Word limit: 1500 Words. APA referencing required for this assessment. PDF or word document accepted.
The role of a paramedic is multi-faceted and highly regulated. At times you will be called to very complex cases that require a solid knowledge of procedural as well as clinical policies and guidelines. This assessment covers a number of areas that require you to research appropriate policy and procedure to ensure accuracy of your submission. For the purpose of this assessment you will use Queensland legislation and policy.
Assessment Scenario Outline
You work in a rural community with your Officer-In-Charge (OIC). At 2000 hours on a rainy night you are dispatched Code 1 to a vehicle accident approx. 50 kms away from station, nearby a close-knit Aboriginal community. Your OIC is a long-serving officer who has little respect for the rules and regulations that the “brass in Brisbane” has imposed on paramedics.
En-route to the scene your partner drives at 140km/hr and above on a dirt road, saying there is no need to worry about speed limits in the bush – “There is no traffic out here” – and besides the ambulance service is exempt from the road rules. You notice that there is significant water on the road and the rain is getting heavier as you proceed to scene. The speed limit in this area is 100km/hr.
As you arrive on scene your partner parks on the road near the damaged vehicle, leaving the headlights on but dimmed. He also leaves all the emergency lights illuminated. Your partner tells you he knows these people really well and there is no need for any gloves or anything as these people don’t have any health problems.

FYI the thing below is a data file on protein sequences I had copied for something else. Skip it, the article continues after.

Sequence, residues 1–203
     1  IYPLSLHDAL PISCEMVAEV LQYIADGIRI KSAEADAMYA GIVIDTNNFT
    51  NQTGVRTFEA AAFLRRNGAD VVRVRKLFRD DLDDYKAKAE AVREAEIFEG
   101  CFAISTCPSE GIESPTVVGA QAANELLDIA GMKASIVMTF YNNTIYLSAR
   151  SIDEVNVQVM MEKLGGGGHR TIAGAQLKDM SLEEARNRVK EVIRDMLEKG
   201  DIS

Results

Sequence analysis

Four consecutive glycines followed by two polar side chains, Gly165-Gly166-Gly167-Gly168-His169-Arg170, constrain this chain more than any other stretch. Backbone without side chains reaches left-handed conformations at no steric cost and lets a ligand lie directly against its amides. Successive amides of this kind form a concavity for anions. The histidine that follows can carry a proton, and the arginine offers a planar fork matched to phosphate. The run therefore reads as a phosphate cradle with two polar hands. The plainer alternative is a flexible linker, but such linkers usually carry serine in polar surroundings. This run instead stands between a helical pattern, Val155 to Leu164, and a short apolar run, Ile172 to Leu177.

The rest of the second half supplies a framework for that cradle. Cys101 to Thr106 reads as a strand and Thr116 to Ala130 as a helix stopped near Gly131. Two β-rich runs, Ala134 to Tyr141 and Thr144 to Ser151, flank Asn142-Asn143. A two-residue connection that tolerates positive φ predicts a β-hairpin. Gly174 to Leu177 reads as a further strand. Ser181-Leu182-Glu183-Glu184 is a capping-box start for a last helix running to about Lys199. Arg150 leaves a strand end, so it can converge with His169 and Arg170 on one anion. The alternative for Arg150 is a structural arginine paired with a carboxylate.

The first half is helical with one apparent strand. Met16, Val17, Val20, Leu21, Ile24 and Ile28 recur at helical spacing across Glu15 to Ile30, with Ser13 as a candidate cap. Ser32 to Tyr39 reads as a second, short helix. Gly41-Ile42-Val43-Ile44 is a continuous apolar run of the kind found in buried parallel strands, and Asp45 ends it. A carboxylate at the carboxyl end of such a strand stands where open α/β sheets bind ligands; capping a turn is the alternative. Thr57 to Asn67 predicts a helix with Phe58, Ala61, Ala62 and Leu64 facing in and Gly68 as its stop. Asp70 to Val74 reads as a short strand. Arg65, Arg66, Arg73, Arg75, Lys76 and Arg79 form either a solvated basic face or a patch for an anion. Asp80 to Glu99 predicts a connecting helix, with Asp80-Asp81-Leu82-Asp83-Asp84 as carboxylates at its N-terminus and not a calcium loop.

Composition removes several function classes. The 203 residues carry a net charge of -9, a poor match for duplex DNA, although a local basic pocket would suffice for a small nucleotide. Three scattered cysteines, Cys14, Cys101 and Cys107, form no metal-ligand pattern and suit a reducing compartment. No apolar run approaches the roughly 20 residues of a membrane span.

As you approach the scene you find a vehicle (pictured) that has rolled leaving the vehicle with major damage. You see the car on the shoulder of the opposite side of the road, with 2 wheels on the road and 2 wheels on the dirt. You are waved down by a male person who directs you to a 15 year old indigenous female trapped in the badly damaged vehicle. She has obvious fractures to her legs and multiple abrasions. She is very upset and is hesitant to speak to you. The male person states that he was driving the vehicle when he lost control, and that it rolled multiple times, trapping the female in the vehicle. The male person is acting aggressively and smells strongly of alcoholic drinks.
As you are assessing the scene the patients’ Grandmother and Aunty arrive on scene. They are very anxious to speak with the female patient, and are upset that you are speaking with the patient on her own. The family members are questioning you whilst you attempt to treat the patient, and demand to be involved in the treatment of the patient and decisions to be made.
This task has four components that must be completed.
What cultural considerations should you to be aware of in this case when assessing the Indigenous patient and interacting with her family?
The male person on-scene is complaining of abdominal pain but refuses any treatment or transport against your advice. He has obvious bruising to his abdomen consistent with a seatbelt injury. Using Queensland Ambulance Service protocols as a guide, discuss what steps you would need to take to ensure that you have met your duty of care and that the patient is giving a valid refusal. What information should you document in your patient care records?
Referring to the image above, please identify at least 8 workplace health and safety issues present on this scene.
Regarding the violence risk of the aggressive male patient, discuss how you might eliminate or reduce the risk and what impact that may have on your patient treatment. Your plan should include new equipment/training that is NOT currently available to QAS paramedics. You must provide evidence of at least 3 current sources of research that support your idea.
What legislations and policies has the OIC breached and what are the possible risks and consequences of these breaches?
Students are reminded to attain a passing grade in this course you are required to attain a mark of at least 50% for each assessment item.